"Jesse's got that work ethic," Marr said. "He's got that attitude out there that he's not going to be denied on the play. He brings that same drive and determination, and he brings that same skill set where he can go out on the ice and influence the game at any point."

Among the promising defensemen, Chychrun (6-2, 200) is No. 4 on NHL Central Scouting's final ranking of North American skaters, followed by No. 5 Juolevi (6-2, 188), No. 6 McAvoy (6-0, 199), and No. 8 Sergachev (6-2, 221).

"The defensemen in the top 10 of this draft class also have bright NHL futures ahead of them," Marr said. "All are excellent skaters and each play a certain style which makes it a very subjective exercise to differentiate them because they all are very good, and each possess certain skills and attributes which will allow them to bring value to an NHL club."

Tkachuk (6-1, 202), No. 2 on NHL Central Scouting's final ranking of North American skaters, is the son of U.S. Hockey Hall of Fame member Keith Tkachuk. He ranked second in the OHL with 77 assists and fifth with 107 points in 57 games.

Nylander (6-0, 178), ranked No. 3 on Central Scouting's final North American list, was named the 2016 OHL Rookie of the Year after leading Mississauga with 28 goals and 75 points in 57 games. He is the brother of Toronto Maple Leafs center William Nylander, and son of retired NHL player Michael Nylander.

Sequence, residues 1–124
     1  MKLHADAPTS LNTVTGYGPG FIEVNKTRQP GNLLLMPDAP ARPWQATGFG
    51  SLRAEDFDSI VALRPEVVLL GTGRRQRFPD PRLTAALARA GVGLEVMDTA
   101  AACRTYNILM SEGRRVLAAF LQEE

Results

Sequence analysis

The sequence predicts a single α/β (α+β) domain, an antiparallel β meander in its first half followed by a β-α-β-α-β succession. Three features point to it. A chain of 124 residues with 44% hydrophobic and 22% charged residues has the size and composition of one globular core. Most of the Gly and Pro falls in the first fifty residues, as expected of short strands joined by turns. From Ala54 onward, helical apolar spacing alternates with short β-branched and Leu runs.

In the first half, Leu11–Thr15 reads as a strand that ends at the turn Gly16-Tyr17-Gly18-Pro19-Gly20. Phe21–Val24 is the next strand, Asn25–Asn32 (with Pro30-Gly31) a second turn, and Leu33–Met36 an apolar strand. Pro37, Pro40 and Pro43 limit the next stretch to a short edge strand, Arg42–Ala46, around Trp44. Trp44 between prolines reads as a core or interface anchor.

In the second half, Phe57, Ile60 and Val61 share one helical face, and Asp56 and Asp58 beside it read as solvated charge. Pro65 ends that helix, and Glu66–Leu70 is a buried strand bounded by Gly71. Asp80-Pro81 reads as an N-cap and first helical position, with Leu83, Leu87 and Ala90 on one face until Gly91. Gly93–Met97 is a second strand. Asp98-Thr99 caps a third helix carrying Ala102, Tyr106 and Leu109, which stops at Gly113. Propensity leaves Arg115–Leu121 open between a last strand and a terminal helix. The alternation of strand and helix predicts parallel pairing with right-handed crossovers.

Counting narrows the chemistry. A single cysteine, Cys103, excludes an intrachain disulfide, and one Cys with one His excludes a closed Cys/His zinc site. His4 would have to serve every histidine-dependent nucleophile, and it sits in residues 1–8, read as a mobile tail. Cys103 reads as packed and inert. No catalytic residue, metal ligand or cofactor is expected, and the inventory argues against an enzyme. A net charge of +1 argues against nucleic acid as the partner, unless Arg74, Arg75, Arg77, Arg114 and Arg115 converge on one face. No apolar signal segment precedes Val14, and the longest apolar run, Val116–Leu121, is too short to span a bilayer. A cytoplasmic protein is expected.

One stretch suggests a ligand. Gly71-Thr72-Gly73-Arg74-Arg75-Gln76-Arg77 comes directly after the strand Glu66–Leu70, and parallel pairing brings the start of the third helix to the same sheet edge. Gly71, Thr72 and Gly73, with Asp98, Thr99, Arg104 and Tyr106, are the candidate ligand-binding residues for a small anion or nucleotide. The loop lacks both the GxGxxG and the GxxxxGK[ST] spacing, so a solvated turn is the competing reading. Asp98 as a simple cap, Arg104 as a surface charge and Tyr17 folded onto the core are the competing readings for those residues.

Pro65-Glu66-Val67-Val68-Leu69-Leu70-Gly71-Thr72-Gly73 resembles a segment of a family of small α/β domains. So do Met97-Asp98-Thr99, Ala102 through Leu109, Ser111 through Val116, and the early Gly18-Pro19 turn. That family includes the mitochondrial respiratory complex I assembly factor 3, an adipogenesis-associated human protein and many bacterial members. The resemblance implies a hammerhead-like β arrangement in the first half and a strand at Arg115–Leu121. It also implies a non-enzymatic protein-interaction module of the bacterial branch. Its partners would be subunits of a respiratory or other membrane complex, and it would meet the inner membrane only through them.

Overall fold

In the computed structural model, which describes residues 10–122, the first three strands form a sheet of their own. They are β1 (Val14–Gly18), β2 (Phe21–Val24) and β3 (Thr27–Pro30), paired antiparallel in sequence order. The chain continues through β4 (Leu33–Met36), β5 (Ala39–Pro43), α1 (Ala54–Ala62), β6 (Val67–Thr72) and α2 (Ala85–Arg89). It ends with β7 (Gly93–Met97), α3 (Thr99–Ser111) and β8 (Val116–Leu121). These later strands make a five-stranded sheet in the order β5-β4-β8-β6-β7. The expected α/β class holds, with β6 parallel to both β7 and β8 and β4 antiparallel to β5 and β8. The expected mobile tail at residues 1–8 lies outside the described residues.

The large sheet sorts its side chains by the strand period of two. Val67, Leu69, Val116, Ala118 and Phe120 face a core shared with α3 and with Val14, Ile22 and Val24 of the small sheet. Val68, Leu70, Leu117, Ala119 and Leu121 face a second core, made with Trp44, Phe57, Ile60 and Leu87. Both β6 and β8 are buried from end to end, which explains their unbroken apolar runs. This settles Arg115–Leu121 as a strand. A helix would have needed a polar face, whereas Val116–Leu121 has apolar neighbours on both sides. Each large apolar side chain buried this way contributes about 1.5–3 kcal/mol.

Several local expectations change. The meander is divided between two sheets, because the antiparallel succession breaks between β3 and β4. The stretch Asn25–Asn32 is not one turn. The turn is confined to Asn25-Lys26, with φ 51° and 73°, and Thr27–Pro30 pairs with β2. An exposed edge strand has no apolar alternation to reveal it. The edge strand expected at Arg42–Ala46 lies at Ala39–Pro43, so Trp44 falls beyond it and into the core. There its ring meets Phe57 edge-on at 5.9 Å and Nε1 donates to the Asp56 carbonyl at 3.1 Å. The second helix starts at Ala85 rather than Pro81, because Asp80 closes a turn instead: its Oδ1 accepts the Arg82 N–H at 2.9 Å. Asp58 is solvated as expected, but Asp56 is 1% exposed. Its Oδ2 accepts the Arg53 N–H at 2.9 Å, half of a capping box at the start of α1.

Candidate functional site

The highest-ranked scholastic player is left wing Riley Tufte of Blaine (Minn.) High School. Tufte (6-5, 211), No. 17 on Central Scouting's final ranking, won the Mr. Hockey Award as the most outstanding senior boys scholastic hockey player in the state.

The top North American goalie is Evan Fitzpatrick (6-2, 203) of Sherbrooke (QMJHL). He went 18-26-8 with a 3.42 goals-against average, .896 save percentage and two shutouts in 54 games. Sweden goaltender Filip Gustavsson (6-1, 190) of Lulea Jr. in Sweden's junior league is No. 1 on NHL Central Scouting's final ranking of international goaltenders. He is projected to be the first goalie selected.